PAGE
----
Hammerstein writes that people dismiss it because it's not "new", but he'll continue to tell the story until people really listen. So it's a timeless piece worth reconsidering. It's also one of Broadway's great lost scores.
It'll be fascinating for R&H buffs
I have said to the cast I feel a real weight of responsibility. All their other musicals have been seen in the UK, and so many people will want to see this missing link. Loads of composers have also told me it's the work that showed them possibilities beyond strict naturalism, with the use of Greek chorus and projections, and they're excited to see it done well. No pressure!
How important is the role of fringe theatres?
We need places like Southwark, Menier and Charing Cross, and strong regional theatres, to give us the ability to try and create. Often the most important work comes from those venues. And their audiences are willing to take a risk, rather than just booking for something they know. But they're also commercially viable - look at the Menier reconquering Broadway with their musicals.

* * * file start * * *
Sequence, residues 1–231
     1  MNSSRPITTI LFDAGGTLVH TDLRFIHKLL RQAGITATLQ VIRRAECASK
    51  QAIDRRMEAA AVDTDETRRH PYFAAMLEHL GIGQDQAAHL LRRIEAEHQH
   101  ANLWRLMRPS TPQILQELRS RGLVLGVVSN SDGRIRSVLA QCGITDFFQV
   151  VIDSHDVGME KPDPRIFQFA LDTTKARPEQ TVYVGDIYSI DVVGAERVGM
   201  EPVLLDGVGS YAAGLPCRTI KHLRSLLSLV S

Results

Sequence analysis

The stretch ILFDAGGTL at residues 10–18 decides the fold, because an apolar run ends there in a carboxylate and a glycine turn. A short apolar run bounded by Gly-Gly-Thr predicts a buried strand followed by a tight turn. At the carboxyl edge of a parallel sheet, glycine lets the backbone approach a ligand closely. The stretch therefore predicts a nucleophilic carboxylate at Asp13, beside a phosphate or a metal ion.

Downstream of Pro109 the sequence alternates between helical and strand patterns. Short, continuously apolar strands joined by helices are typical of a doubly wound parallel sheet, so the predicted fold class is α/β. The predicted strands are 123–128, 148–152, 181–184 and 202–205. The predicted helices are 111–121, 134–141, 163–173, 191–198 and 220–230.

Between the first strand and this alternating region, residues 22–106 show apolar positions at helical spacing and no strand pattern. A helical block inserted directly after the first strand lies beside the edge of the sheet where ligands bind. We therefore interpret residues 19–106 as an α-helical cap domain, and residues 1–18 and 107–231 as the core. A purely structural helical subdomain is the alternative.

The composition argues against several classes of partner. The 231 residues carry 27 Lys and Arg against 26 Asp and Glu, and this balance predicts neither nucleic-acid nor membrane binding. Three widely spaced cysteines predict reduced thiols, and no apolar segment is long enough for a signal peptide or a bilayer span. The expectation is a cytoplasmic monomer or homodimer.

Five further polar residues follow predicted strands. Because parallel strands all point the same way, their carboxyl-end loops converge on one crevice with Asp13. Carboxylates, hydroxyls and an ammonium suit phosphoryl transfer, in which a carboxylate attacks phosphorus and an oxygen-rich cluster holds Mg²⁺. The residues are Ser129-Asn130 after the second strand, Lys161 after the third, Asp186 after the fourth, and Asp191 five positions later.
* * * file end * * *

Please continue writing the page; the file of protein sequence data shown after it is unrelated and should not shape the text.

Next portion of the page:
Are you ever tempted to do more new musicals?
People talk about how crucial it is to support new writing, and I completely agree, but there's also a vast amount of material that deserves a proper or even first outing. I don't want to be exclusive either way - both are important.
What's on your list of dream shows?
My library at home is littered with shows I want to have a go at or see. I love going to theatre and being an audience member - that's why I keep directing. Like Grey Gardens, I desperately wanted to see a good version here, and I knew those two actresses would be brilliant in it.
What made you accept the Charing Cross artistic director role?